Alitalia flight AZ1670 operated by Carpatair with ATR72-212A (ATR72-500) registration YR-ATS departed Pisa (LIPR) bound to Rome Fiumicino Airport (LIRF) on the 2nd of February, 2013, at 18.44 with 4 crew members and 46 passengers on board.
After an uneventful approach in Rome Fiumicino, with gusty cross winds, according to the ground traces and by additional evidence acquired, it seems that the Carpatair flight AZ1670 touched the runway at the airport of Fiumicino at 19:32 , close to the center line of runway 16L, at a distance of about 560 m from the threshold. After the first contact with the runway, the aircraft would attempt three more times the touch down, during which the nose gear and later the main landing gear collapsed.
After the last contact (4th and last one) with the runway, Carpatair flight AZ1670 would permanently be supported by the fuselage, crawling for approximately 400m before stopping completely.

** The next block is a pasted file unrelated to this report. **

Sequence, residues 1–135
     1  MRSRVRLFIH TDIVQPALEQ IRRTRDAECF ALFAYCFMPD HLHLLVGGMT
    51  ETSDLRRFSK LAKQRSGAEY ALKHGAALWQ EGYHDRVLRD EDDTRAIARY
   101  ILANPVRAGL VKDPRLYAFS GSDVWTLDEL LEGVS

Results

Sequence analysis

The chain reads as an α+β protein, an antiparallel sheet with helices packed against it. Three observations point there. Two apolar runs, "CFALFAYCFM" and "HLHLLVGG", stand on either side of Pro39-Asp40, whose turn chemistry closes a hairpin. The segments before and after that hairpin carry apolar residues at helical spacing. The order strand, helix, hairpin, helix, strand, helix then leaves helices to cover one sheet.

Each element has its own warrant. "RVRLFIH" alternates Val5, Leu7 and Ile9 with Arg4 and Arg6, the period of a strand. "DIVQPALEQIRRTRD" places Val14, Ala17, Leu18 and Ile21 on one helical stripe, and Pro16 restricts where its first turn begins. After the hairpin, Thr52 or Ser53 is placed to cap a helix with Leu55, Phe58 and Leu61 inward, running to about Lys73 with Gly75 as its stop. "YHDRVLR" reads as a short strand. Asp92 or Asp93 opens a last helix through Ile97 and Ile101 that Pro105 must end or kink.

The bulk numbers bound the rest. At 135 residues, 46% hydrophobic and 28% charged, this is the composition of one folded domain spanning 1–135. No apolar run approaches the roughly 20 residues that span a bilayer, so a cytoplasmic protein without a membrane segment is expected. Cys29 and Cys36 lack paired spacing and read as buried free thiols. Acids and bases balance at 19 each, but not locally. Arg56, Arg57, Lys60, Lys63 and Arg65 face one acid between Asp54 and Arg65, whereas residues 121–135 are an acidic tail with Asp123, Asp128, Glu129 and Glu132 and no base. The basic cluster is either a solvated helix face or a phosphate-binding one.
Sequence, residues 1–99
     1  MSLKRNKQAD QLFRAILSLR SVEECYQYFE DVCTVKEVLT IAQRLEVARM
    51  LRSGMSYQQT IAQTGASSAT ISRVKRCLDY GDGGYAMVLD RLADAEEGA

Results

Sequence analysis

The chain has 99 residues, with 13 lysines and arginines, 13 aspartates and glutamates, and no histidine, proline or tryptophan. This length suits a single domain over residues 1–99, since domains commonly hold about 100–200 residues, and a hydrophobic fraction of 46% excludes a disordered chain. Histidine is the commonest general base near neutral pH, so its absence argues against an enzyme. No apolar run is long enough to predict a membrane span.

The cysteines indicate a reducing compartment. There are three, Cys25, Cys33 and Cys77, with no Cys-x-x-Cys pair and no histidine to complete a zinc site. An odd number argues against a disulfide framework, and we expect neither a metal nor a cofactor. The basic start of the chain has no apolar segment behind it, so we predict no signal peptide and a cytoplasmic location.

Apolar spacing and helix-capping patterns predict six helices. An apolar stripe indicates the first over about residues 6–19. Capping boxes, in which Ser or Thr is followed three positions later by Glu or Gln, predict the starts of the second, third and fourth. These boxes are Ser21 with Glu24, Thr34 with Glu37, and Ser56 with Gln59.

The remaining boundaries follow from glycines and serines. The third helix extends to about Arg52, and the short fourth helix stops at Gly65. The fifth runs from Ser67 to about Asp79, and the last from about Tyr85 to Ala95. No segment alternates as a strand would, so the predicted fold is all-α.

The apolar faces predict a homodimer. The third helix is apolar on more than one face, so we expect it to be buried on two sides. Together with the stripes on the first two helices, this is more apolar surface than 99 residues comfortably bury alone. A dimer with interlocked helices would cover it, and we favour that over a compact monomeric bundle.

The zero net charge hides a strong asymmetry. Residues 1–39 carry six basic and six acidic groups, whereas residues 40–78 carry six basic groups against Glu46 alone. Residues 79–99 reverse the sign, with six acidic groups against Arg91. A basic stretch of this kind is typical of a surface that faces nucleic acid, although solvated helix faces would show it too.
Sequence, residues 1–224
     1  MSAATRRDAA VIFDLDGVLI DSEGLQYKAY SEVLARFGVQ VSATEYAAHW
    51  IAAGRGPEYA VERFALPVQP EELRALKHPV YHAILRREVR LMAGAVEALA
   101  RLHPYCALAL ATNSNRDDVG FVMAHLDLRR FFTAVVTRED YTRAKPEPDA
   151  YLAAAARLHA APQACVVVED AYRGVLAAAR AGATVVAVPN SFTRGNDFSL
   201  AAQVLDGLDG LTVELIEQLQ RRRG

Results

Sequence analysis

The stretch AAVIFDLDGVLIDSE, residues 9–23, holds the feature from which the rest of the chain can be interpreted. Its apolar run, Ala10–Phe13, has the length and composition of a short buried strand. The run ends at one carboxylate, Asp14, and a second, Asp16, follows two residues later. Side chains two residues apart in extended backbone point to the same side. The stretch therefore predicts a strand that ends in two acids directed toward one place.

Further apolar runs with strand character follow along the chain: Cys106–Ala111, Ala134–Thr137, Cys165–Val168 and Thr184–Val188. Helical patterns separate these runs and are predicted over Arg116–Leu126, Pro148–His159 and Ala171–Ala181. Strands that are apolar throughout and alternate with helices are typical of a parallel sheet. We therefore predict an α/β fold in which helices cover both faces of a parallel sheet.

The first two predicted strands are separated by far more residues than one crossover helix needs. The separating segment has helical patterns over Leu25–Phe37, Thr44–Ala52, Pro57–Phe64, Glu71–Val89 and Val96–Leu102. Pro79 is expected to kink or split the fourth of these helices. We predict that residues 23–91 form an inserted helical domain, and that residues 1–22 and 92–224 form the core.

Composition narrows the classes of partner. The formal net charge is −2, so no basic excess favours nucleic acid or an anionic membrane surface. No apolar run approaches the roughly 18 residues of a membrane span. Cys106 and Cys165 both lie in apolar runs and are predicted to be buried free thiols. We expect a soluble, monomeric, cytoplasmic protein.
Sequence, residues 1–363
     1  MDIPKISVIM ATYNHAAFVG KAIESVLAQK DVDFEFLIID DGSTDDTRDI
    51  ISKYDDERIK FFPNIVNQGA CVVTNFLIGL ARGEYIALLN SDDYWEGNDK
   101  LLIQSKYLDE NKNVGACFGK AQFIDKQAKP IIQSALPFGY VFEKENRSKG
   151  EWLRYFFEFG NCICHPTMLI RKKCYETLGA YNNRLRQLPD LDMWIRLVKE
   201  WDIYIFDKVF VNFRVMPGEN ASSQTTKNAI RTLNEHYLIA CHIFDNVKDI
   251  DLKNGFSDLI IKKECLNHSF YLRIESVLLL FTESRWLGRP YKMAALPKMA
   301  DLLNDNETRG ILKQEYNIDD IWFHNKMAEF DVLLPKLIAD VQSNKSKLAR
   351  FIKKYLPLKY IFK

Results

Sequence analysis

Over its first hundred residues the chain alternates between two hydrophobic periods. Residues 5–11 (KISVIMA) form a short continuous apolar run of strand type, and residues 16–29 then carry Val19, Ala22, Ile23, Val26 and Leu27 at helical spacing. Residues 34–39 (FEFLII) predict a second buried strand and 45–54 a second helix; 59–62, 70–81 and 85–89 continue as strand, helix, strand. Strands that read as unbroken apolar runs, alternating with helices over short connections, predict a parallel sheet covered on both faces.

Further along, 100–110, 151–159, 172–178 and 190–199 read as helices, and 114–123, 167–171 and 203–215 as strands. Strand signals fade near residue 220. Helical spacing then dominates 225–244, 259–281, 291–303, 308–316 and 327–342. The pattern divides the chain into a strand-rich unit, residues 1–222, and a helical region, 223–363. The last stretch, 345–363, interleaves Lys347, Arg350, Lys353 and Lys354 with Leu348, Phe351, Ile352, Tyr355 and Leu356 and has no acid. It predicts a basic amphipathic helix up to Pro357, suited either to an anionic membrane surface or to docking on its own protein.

Throughout the swiping the aircraft’s trajectory was leaning to the right, only to stop on the grass, at about 30m from the edge of the runway, near the intersection called “DE”.
During the course of the sweep, the aircraft was leaning to the right by performing a rotation of about 170° on its vertical axis, stopping with the nose oriented at 330° magnetic degrees.
As soon as the Carpatair flight AZ1670 stopped, the two flight attendants, assisted by the crew members of another company on board as positioning crew, took care of the process of the evacuation of passengers, who, after exiting the aircraft fuselage, waited for the authorities to come and help.
The first emergency vehicles of firefighters came to the scene after 10 minutes and due to the absence of a possible fire condition, they positioned themselves around the aircraft ready for intervention.
A doctor, who arrived at the scene at the same time of the Police Department, would provide for the immediate relief of the wounded ones while carrying out the process of the nursing triage in order to encode the rescue urgency.